It was in a high school typing class that Eleanor Farmer learned of her special talent that, nearly eight decades later, might qualify her for a Guinness World Record.
Back before Microsoft Word centered words on a page with a few mouse clicks, the practice was to center the typewriter carriage and then backspace once for each two letters. During the lesson, the teacher asked each student to spell her name and backspace to center it on the page.
“My name was Eleanor Cotton. When she came to me and I said N-O, T-T.
‘What are you doing?’
‘Spell your name’
“N-O, T-T, O-C, Space-R’
‘You’re spelling it wrong.’
“I said, ‘that’s very confusing. If I’m backspacing, I need to spell the word backwards.’
“She said, ‘what if you were doing Constitution of the United States?’ I said, ’S-E, T-A, A-T, S-Space, D-E, T-I, N-U, Space, E,H,T, Space, F,O, Space, NOITUTITSNOC.’
“Well, she turned pale. She went over and sat down at her desk and went to the next person. That is how I found out.”
That’s the story Farmer, now 93, told Saturday as she gathered with family members and official witnesses in an activity room at the Heritage Hall nursing home in Leesburg. She had just completed another exercise—correctly spelling backwards 47 words from a list of 50 read aloud by her son, Tim.
She responded at a rapid-fire pace. “T,N,E,D,I,S,E,R, capital P.” “Y,R,A,R,B,I,L.” “M,U,E,S,U,M.”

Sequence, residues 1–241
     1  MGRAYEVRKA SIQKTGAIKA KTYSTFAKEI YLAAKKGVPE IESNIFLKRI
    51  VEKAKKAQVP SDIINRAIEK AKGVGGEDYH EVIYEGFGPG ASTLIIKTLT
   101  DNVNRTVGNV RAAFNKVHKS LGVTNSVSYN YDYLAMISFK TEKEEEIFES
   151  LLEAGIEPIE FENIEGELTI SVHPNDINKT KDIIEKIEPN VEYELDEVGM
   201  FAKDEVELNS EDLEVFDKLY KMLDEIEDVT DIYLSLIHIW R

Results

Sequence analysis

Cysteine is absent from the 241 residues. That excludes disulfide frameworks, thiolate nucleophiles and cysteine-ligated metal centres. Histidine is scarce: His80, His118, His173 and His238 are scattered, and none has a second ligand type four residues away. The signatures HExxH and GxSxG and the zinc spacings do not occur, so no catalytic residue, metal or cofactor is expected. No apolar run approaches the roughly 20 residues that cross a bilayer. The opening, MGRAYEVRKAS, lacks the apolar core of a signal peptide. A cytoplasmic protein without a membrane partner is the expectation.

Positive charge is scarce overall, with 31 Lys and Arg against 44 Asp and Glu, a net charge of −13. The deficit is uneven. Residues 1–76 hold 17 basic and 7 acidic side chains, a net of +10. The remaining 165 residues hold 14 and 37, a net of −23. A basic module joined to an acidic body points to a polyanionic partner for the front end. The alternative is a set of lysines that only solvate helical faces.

After 2 minutes and 48 seconds she had completed the list, missing three by spelling the words (correctly) forward rather than backward.
A package documenting Farmer’s achievement, a video recording and witness accounts duly notarized, will be sent to the Guinness Book of World Records in hopes that she will be formerly recognized as the oldest person to spell 40 words backward. There are two similar records on the books: most words spelled backward in 1 minute (36 of 40) and the fastest time to spell 50 words backward (1:22).
It will take about five months to learn whether her feat will qualify for the record book.
Farmer said she never gave much thought to how unusual her skill was and when she was growing up there was no quick path to stardom that YouTube provides today. Perhaps the closest she came was, with her father’s help, seeking to challenge Professor Backwards, a vaudevillian who was a frequent TV talk show guest in the ‘50s, ‘60s and ‘70s, to a spell off, but nothing came of it.
More recently, she made a show-and-tell appearance to spell backward in front of her grandson’s fourth grade class. And she can expect more spelling challenges from her neighbors at Heritage Hall as word of her special gift spreads. But she might be able to look back on her typing class experience with a bit of extra satisfaction with a world record certificate on the wall.